JJM Who (or what) was your link to this music/poetry connection?

KF It was probably the whole Beat thing; I read Dharma Bums when I was in my mid-teens and it was my favorite book for ages. The descriptions of the readings that were part of the whole West Coast scene were something I was a little pissed-off having missed. I also realized at this point that Kerouac came from Lowell (where my parents grew up and I was born) and his relatives were still around our old neighborhood. (Strangely, but probably not too unusual for his particular social demographic, my dad only remembered Kerouac as a local high school football hero, not as a writer). But it wasn’t the Kerouac character I was inspired by (who seemed more irritating than anything else at the time), but the character Japhy Ryder. He seemed so God-damned cool, and Kerouac couldn’t hide his sense of wonder in writing about the guy. It took me almost eight years (doah!) to realize there was an actual person behind the character.

JJM Of all the Beat era poets you could create music around, why did you choose Gary Snyder?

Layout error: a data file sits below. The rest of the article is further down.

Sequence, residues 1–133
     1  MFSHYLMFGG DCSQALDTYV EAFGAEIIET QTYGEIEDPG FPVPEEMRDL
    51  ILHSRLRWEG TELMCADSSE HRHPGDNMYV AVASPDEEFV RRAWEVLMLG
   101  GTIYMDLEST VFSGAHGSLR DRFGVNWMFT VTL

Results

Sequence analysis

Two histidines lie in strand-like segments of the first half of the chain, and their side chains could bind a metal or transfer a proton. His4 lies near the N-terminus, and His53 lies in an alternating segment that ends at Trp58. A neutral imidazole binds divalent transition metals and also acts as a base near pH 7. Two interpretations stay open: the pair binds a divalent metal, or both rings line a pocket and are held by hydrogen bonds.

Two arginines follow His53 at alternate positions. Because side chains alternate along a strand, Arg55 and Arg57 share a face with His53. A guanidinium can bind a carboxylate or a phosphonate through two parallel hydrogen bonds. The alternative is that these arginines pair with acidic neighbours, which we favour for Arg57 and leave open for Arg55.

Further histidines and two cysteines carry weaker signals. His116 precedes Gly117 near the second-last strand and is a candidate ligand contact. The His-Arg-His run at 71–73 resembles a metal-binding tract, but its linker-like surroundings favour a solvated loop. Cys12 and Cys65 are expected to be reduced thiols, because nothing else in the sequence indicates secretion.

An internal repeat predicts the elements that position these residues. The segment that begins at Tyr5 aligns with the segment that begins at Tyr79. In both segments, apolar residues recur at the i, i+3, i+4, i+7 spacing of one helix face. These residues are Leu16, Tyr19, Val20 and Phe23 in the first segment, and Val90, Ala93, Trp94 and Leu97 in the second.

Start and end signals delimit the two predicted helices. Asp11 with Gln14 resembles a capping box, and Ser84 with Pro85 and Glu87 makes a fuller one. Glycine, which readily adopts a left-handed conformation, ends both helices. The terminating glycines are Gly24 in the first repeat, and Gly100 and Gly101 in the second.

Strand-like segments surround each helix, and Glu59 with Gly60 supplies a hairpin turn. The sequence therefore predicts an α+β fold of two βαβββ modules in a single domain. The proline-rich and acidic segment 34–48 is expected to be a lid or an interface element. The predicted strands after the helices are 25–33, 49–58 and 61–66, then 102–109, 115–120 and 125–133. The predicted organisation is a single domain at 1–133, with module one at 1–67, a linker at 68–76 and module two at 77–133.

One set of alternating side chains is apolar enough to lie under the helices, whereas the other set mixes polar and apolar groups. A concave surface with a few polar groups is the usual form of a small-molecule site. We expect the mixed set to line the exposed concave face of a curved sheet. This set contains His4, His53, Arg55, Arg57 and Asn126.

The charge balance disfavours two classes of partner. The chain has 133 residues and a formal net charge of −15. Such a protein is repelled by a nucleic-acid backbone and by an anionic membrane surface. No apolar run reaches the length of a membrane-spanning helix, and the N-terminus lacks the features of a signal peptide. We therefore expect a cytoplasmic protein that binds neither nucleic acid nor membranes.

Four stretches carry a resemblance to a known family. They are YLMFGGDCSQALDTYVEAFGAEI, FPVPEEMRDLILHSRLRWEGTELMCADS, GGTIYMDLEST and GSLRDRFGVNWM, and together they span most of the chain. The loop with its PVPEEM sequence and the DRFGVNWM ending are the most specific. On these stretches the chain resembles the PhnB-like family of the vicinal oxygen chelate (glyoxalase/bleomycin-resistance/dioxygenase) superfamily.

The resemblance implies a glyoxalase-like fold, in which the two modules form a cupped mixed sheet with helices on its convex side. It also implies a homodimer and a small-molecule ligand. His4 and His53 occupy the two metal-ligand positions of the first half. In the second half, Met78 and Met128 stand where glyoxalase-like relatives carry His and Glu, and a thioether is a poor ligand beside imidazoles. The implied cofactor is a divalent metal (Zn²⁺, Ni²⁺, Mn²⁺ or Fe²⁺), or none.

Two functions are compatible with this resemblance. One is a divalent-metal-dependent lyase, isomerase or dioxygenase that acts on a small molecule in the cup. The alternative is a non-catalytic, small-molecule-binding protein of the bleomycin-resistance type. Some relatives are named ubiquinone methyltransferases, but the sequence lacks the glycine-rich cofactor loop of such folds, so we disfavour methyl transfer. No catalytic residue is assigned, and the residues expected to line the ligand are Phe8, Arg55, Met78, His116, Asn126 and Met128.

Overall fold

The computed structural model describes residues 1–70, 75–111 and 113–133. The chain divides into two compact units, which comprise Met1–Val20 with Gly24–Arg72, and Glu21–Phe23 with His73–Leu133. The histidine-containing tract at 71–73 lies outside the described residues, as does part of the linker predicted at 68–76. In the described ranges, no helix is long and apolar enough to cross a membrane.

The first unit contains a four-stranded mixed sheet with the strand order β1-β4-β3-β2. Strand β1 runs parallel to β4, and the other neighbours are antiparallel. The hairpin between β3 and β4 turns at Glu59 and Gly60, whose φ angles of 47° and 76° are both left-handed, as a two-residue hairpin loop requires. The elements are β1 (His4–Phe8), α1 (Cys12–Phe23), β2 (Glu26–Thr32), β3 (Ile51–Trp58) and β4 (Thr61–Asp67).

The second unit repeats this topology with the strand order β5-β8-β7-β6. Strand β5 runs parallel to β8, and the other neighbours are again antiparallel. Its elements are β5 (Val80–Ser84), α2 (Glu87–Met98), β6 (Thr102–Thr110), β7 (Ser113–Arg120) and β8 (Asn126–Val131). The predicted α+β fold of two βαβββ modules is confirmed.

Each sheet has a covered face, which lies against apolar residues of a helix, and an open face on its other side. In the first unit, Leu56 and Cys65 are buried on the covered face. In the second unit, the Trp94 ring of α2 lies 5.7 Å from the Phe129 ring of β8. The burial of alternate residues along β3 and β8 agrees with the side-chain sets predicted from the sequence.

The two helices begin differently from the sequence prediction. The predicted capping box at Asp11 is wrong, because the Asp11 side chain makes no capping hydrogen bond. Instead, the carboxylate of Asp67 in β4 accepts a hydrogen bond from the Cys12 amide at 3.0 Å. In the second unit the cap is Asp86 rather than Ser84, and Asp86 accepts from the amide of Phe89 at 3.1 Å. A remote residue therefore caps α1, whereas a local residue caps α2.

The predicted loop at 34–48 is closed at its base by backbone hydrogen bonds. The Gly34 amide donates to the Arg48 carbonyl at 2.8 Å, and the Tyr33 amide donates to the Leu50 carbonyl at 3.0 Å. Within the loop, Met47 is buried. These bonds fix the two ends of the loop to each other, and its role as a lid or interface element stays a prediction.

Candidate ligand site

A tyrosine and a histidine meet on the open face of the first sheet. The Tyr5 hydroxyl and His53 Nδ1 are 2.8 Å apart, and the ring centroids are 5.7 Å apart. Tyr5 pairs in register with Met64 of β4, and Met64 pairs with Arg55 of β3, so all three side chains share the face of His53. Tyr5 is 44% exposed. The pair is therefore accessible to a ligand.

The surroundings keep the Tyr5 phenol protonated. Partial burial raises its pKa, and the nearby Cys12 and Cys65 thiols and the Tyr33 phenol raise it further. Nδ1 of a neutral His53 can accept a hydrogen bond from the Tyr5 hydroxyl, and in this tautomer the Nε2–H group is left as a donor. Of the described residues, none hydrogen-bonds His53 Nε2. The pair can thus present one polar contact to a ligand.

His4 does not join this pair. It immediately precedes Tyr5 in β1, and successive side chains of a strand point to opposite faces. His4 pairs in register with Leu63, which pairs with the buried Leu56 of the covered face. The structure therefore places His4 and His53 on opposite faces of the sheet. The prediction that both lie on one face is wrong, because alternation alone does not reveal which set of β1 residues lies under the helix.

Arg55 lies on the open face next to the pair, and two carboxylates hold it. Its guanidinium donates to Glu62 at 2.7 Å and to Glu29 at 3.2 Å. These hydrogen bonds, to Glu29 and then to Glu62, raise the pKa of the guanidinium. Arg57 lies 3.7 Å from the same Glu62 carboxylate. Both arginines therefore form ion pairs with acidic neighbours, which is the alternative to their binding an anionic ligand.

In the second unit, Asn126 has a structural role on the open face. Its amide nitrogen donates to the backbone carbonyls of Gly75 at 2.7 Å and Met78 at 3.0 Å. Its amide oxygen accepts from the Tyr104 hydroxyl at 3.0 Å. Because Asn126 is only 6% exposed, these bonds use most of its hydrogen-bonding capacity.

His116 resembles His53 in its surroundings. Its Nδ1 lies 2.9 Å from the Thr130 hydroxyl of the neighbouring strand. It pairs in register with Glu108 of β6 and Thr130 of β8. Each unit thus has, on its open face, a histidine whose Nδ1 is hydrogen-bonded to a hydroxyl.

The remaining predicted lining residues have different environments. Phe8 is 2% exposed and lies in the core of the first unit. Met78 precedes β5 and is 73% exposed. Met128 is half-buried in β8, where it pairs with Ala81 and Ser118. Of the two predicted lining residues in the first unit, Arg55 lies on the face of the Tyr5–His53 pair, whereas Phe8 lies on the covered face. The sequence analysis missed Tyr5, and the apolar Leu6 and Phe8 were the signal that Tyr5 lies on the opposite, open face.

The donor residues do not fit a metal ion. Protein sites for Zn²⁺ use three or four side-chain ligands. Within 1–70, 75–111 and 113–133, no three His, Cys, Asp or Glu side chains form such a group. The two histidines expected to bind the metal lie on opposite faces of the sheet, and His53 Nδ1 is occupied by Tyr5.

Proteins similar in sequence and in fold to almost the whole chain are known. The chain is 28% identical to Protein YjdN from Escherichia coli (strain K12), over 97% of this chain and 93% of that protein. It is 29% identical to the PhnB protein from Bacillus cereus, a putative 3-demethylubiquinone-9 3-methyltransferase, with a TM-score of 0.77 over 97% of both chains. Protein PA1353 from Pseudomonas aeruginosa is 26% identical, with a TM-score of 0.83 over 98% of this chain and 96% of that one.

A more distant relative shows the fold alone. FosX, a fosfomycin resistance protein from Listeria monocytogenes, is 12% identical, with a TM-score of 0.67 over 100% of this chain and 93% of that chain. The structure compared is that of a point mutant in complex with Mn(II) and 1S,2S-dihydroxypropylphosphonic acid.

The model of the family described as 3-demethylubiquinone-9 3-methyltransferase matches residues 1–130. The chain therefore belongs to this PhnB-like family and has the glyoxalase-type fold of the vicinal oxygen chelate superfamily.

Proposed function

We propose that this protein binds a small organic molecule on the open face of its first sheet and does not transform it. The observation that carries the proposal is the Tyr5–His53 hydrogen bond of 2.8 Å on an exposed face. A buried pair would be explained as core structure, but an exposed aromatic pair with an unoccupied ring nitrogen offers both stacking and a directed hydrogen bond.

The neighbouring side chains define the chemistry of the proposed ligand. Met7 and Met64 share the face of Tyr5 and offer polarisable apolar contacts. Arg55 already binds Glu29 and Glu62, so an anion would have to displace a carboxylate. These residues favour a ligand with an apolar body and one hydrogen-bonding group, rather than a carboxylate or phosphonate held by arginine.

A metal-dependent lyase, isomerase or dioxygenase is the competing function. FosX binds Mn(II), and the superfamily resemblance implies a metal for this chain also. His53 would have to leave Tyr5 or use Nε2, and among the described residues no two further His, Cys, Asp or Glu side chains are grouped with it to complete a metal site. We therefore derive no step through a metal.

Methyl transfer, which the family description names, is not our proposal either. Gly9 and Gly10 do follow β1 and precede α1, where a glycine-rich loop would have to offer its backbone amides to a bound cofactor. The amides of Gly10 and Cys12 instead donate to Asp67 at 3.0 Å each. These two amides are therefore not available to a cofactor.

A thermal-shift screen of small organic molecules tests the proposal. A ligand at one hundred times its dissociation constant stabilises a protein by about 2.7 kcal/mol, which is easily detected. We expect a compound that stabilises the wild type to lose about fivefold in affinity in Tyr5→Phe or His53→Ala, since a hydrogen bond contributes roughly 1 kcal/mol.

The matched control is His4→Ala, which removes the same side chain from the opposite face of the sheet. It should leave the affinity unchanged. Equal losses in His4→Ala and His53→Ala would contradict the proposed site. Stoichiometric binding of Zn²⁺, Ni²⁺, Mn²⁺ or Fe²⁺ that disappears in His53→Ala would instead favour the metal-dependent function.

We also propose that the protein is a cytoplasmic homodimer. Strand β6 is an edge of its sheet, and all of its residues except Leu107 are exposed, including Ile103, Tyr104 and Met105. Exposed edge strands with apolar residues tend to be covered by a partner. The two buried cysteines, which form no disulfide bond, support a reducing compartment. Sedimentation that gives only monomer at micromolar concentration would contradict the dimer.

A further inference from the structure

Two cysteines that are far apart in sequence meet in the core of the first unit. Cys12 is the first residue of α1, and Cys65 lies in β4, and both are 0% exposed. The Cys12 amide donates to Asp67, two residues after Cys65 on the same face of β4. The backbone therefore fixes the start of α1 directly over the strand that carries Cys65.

KF To expand on what I said above, in my late teens I wanted to be that original Zen outdoors-y Eco-warrior who was good at everything (and probably, if I’m honest, still do), who realized you couldn’t “fall off a mountain.” I have repeatedly tried to get my Japanese up to scratch, (sigh) and still get out my zafu and sit every day (well, almost every day, or at least a lot, anyway, kinda). It was the idea that spirituality had to be approached through constant discipline, not unlike the practice of music. Not the expectation of a sudden moment of satori, but the realization that this is all there is, it’s all there in front of you, and to believe that everything is going to explode into endless bliss is a sad, misguided and ultimately destructive outlook. In a way, I feel very in tune with the Roman Stoics in that sense. A good read in that sense is Van De Wetering’s AFTERzen. Mia nichi, mia nichi: bit by bit, inch by inch. Musical mastery doesn’t just arrive out of the sky in a flash of lightning; it takes years of hard, patient work. And so does anything worth doing. Where’s the point in doing the easy stuff. Your efforts should look easy, but disguise a solid base of praxis.